竹富町の教科書 学校の違法状態は看過できぬ

The Yomiuri Shimbun March 17, 2014
Use of unauthorized textbook at schools in Taketomi should not be overlooked
竹富町の教科書 学校の違法状態は看過できぬ(3月17日付・読売社説)

It is extremely problematic that the law has been ignored for nearly two years at schools, and this situation must be corrected as soon as possible.

Education minister Hakubun Shimomura has finally issued the so-called demand for corrective action, urging the town board of education in Taketomi, Okinawa Prefecture, to stop using a textbook it has unilaterally adopted in defiance of rules regarding the selection of textbooks to be used in schools.

It was the first time that the demand based on the Local Government Law has been issued to a municipal government. The Taketomi Board of Education should not take it lightly.

In the summer of 2011, the Yaeyama district, including the city of Ishigaki and the towns of Taketomi and Yonaguni, selected a civics textbook published by Ikuhosha Publishing Inc. for use in middle schools. The problem started when the Taketomi Board of Education alone decided to adopt a textbook published by Tokyo Shoseki Co.

The law on supplying free textbooks at public primary and middle schools requires a wide-area educational district consisting of more than one municipality to adopt the same textbooks, on the grounds that it makes it easier for teachers to conduct joint studies on educational materials. The unilateral action by the Taketomi board constitutes a clear violation of the law.

Since April 2012, the Taketomi Board of Education has distributed to students copies of the Tokyo Shoseki textbook paid for by donations from town residents. The then administration of the Democratic Party of Japan showed a lenient attitude toward such textbook purchases. It is undeniable that the misstep by the DPJ administration has served to fuel disarray.

Prevent recurrence

Since a change of government in December 2012, the administration of Prime Minister Shinzo Abe has repeatedly urged the Taketomi board to adopt the Ikuhosha textbook in accordance with the law on the provision of free textbooks—which, we believe, is a matter of course for a nation under the rule of law. If the Taketomi board continues to defy correction demands, the Education, Culture, Sports, Science and Technology Ministry should consider filing a lawsuit to confirm the illegality of the board’s action.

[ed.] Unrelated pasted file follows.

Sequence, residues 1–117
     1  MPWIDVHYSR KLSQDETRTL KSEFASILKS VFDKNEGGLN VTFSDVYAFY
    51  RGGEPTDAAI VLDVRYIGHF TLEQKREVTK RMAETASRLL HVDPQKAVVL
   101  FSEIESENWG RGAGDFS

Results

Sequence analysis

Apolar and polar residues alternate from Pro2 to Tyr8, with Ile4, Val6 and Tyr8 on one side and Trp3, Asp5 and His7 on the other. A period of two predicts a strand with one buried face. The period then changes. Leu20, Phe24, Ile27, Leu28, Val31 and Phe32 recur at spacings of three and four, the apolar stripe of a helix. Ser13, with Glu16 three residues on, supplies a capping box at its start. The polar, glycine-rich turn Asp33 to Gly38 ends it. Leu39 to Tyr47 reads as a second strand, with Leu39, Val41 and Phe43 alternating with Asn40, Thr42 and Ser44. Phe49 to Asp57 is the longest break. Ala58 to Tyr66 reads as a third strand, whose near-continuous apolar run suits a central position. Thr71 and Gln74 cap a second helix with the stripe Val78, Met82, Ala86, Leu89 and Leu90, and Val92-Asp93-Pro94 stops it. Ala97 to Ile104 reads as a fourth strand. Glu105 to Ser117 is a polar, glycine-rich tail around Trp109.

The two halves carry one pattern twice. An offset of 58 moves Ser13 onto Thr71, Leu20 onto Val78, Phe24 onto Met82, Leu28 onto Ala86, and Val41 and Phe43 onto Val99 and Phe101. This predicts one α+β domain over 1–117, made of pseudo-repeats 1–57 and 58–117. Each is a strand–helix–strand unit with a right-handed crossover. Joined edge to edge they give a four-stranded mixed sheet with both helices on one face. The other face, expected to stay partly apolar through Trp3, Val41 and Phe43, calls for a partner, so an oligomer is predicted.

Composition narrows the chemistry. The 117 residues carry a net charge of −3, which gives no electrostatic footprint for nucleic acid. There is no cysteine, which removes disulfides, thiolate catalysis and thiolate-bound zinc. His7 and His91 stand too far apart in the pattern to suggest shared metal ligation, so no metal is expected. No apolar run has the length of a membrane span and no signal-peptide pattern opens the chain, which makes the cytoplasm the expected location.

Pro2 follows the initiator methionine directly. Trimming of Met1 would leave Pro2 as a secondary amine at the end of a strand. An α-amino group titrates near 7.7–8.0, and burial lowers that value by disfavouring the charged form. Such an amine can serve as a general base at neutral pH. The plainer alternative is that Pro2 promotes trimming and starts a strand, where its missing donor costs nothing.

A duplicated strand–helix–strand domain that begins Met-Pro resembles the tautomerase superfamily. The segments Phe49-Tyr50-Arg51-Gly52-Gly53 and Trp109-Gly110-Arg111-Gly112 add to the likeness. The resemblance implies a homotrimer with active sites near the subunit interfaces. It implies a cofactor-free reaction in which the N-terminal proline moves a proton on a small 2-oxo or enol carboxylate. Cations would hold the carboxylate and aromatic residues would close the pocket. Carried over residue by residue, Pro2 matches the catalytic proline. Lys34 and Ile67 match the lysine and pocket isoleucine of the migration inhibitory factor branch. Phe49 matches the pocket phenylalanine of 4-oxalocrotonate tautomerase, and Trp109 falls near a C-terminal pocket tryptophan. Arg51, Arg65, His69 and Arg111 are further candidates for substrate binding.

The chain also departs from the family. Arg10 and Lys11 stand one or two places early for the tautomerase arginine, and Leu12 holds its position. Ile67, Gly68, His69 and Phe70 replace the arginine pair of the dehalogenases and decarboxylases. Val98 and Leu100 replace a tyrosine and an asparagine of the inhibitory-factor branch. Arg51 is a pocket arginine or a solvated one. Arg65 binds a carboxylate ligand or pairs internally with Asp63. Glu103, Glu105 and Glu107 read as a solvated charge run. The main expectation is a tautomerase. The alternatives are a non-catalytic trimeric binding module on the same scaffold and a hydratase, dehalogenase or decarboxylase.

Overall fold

The Okinawa Prefectural Board of Education’s responses to the problem cannot escape criticism.

Last October, Shimomura instructed the prefectural board to demand the Taketomi board rectify the situation. The prefectural board did not comply, saying the Taketomi action has not caused any major problems, among other reasons given.

To prevent a recurrence of such a development, the government has submitted a bill to revise the law on the provision of free textbooks to the current Diet session. The key point written in the bill would require any educational district comprising more than one municipality to establish a council to select textbooks at public primary and middle schools, and that educational boards adopt textbooks in accordance with the council’s decision.

It is significant to give more clarity to the procedure of adopting textbooks.

The revised bill also includes a stipulation that would require boards of education to make efforts to publicize reasons for adopting certain textbooks.

For example, a good amount of description given to territorial issues was one of the reasons that the Yaeyama district— located close to the Senkaku Islands—selected the Ikuhosha textbook. Heightened tension between Japan and China is the reason for its adoption.

It is of utmost importance for each board of education to win the acceptance of local residents and students’ parents or guardians by fully explaining the reasons for adopting certain textbooks.

(From The Yomiuri Shimbun, March 17, 2014)
(2014年3月17日01時59分  読売新聞)

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